No political interference: Turaga

March 14, 2024 4:43 pm

Minister for Justice Siromi Turaga

Minister for Justice Siromi Turaga has outrightly denounced the allegation of political interference in the appointment of specific tribunals by the Constitutional Offices Commission.

Turaga says the Constitutional Offices Commission has met on several occasions to deliberate on pertinent issues that fall within the mandate under the 2013 constitution.

He says the COC to date has been the most active.

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“There has never been a commission with all its members present; there has never been a similar commission that ensures due diligence, proper documentation, and the right people appointed to look into matters that require scrutiny. As I started and asked for minutes, there was basically no record of this important commission. So we basically started afresh.”

Turaga says for the first time, the commission resolved to consider its own standard operating procedure with respect to the conduct of its internal procedures and functions.

He adds that for the first time, an independent committee has been appointed to advise on the proper remuneration allowance, which is currently under review.

While responding to the president’s speech, Turaga says there has been speculation about the appointment of specific tribunals.

“There has been much speculation about the appointment of specific tribunals: why aren’t there simultaneous appointments?, why the expenditure?, why is the process so slow?, and why can’t specific offices be filled? We are outright denouncing the accusations of political interference. There is process; there is a distinction between the Constitutional Offices Commission and the Judicial Services Commission.”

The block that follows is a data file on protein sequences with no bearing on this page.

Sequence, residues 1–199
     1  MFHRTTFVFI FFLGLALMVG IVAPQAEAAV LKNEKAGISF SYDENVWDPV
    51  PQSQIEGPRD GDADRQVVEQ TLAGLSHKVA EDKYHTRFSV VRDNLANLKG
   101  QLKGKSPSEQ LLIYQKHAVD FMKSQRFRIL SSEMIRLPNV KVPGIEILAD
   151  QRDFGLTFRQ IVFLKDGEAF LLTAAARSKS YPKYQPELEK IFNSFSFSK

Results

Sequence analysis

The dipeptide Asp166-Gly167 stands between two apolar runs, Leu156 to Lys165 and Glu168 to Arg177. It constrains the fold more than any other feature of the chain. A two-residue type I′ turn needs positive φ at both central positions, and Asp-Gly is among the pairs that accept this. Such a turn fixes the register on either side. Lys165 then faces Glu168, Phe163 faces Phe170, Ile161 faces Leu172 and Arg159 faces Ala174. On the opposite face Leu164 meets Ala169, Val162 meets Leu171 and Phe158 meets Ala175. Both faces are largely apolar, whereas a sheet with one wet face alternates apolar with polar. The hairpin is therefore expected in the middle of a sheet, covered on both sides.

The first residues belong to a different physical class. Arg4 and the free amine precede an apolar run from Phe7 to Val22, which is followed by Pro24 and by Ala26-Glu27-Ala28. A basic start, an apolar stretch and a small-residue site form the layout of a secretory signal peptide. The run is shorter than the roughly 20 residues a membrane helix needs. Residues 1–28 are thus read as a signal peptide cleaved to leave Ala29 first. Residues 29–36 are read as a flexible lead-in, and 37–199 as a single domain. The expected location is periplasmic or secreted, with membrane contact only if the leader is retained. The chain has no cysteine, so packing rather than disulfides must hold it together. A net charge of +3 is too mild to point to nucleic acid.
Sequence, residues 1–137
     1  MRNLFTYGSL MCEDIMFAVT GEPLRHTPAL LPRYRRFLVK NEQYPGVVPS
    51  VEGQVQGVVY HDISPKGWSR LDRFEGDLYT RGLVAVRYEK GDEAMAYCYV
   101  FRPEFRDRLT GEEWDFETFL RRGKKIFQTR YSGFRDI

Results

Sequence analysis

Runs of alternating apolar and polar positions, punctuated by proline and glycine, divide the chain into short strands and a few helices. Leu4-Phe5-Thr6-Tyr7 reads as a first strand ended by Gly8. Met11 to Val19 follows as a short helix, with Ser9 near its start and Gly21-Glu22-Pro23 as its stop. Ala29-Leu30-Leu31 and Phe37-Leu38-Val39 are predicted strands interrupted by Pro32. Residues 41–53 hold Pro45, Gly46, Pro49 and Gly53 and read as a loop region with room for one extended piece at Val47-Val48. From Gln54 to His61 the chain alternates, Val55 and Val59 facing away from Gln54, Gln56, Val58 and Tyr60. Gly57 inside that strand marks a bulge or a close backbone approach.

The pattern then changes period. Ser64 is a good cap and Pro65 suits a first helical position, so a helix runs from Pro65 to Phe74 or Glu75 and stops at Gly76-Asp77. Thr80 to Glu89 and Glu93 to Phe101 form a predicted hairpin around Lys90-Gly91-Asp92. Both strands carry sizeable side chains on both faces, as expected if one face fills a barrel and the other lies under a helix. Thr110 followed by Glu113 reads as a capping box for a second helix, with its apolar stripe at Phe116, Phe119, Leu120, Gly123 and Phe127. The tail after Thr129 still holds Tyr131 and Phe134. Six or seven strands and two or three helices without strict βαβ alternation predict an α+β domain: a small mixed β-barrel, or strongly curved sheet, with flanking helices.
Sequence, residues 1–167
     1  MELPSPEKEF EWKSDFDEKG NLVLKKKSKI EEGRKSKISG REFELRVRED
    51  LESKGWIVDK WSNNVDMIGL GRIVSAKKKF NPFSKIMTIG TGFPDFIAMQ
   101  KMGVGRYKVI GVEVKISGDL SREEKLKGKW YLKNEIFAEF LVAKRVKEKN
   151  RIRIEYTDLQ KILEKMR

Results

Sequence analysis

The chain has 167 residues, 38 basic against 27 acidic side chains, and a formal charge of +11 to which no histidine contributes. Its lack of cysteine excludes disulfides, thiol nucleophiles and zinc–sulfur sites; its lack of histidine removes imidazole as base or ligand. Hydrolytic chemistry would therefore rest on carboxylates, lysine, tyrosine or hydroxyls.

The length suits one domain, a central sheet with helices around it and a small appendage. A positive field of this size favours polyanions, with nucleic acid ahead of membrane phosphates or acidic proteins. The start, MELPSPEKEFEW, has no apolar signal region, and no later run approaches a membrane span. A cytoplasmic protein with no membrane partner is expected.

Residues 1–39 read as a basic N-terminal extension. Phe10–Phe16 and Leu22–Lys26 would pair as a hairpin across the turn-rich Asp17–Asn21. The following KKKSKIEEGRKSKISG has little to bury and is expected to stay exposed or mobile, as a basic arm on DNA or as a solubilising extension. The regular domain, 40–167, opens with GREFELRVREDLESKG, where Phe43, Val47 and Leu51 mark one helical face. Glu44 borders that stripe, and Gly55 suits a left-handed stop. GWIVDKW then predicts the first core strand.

The Minister for Justice says the Constitutional Offices Commission operates on complaint-initiated mechanisms, adding that it receives complaints from members of the public and, on assessment, either reports to the police or takes note to initiate proceedings or allegations of misconduct set out by tribunals and proceeds to hearings.

He says the Judicial Services Commission is mandated to investigate complaints about specific officers, for instance, those appointed by the Office of Director of Public Prosecution and judicial officers.